@article{9a207cce3f5c46d6a5671ad65b3cc406,
title = "Shiga-like toxin-1 receptor on human breast cancer, lymphoma, and myeloma and absence from CD34+ hematopoietic stem cells: Implications for ex vivo tumor purging and autologous stem cell transplantation",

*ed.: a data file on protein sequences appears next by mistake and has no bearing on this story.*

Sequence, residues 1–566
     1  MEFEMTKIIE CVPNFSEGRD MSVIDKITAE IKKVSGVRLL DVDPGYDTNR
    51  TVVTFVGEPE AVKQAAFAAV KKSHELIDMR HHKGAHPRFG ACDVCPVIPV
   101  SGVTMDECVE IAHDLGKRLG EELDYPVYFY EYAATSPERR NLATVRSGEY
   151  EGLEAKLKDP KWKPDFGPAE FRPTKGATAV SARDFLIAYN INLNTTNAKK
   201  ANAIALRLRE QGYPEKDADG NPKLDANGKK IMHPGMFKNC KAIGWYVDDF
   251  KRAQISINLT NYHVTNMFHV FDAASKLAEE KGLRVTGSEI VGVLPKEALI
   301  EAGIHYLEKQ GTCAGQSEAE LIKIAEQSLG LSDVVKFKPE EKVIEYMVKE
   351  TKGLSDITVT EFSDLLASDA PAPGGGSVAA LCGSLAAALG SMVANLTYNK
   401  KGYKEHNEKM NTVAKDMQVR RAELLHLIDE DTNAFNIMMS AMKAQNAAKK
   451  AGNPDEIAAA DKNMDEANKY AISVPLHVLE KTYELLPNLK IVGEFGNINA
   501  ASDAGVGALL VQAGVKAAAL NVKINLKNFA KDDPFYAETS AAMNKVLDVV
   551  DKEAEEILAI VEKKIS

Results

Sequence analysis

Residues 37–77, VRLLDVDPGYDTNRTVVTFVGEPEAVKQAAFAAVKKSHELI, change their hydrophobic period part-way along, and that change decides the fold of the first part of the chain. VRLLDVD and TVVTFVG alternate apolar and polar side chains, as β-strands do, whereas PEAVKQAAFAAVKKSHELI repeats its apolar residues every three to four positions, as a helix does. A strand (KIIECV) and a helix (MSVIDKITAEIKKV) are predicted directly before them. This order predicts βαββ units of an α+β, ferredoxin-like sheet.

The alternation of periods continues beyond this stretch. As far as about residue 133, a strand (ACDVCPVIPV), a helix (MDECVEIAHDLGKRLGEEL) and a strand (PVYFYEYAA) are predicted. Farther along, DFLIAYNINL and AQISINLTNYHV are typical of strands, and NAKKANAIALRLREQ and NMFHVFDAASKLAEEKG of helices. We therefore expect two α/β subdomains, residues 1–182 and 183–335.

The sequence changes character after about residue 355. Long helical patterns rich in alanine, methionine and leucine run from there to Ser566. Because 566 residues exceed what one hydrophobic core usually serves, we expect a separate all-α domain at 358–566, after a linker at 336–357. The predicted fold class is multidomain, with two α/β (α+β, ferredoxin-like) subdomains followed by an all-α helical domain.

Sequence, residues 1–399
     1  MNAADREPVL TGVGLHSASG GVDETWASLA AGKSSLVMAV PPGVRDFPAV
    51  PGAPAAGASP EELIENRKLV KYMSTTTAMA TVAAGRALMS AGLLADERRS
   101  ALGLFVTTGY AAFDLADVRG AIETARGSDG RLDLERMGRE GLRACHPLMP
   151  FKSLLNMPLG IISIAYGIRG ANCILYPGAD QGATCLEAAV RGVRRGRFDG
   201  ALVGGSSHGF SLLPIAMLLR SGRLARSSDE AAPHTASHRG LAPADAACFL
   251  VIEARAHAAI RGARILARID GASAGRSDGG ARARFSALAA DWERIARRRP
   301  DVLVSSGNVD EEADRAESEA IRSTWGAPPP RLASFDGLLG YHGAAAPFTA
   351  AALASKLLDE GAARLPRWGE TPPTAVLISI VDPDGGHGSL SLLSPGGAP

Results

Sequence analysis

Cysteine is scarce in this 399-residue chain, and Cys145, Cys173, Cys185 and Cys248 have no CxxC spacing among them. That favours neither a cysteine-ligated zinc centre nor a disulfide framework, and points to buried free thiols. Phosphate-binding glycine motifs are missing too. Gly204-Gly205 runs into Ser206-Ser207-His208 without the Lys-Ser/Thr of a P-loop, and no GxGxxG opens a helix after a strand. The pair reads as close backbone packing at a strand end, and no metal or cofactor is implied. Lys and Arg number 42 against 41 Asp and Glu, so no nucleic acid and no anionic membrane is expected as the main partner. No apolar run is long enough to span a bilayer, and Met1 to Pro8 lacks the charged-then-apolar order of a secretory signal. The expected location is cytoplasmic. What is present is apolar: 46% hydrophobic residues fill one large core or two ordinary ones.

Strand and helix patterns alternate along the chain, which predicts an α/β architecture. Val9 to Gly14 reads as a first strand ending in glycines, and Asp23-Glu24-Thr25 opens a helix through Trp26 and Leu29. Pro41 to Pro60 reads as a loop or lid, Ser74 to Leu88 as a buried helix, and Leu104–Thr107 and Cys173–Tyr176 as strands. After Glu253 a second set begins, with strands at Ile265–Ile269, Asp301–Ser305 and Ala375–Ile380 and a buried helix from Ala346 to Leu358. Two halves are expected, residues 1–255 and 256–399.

abstract = "The ribosome-inactivating protein, Shiga-like toxin-1 (SLT-1), targets cells that express the glycolipid globotriaosylceramide (CD77) on their surface. CD77 and/or SLT-1 binding was detected by flow cytometry and immunocytochemistry on lymphoma and breast cancer cells recovered from biopsies of primary human cancers as well as on B cells or plasma cells present in blood/bone marrow samples of multiple myeloma patients. Breast cancer cell lines also expressed receptors for the toxin and were sensitive to SLT-1. Treatment of primary B lymphoma, B-cell chronic lymphocytic leukemia, and myeloma B or plasma cells with SLT-1-depleted malignant B cells by 3- to 28-fold, as measured by flow cytometry. Depletion of myeloma plasma cells was confirmed using a cellular limiting dilution assay followed by reverse transcriptase-polymerase chain reaction analysis of clonotypic IgH transcripts, which showed a greater than 3 log reduction in clonotypic myeloma cells after SLT-1 treatment. Receptors for the toxin were not detected on human CD34+ hematopoietic progenitor cells (HPC). HPC were pretreated with a concentration of SLT-1 known to purge primary malignant B cells and cultured for 6 days. The number of HPC was comparable in toxin- treated and untreated cultures. HPC were functionally intact as well. Colony forming units (CFU) were present at an identical frequency in untreated and SLT-1 pretreated cultures, confirming that CFU escape SLT-1 toxicity. The results suggest the ex vivo use of SLT-1 in purging SLT-1 receptor-expressing malignant cells from autologous stem cell grafts of breast cancer, lymphoma, and myeloma patients.",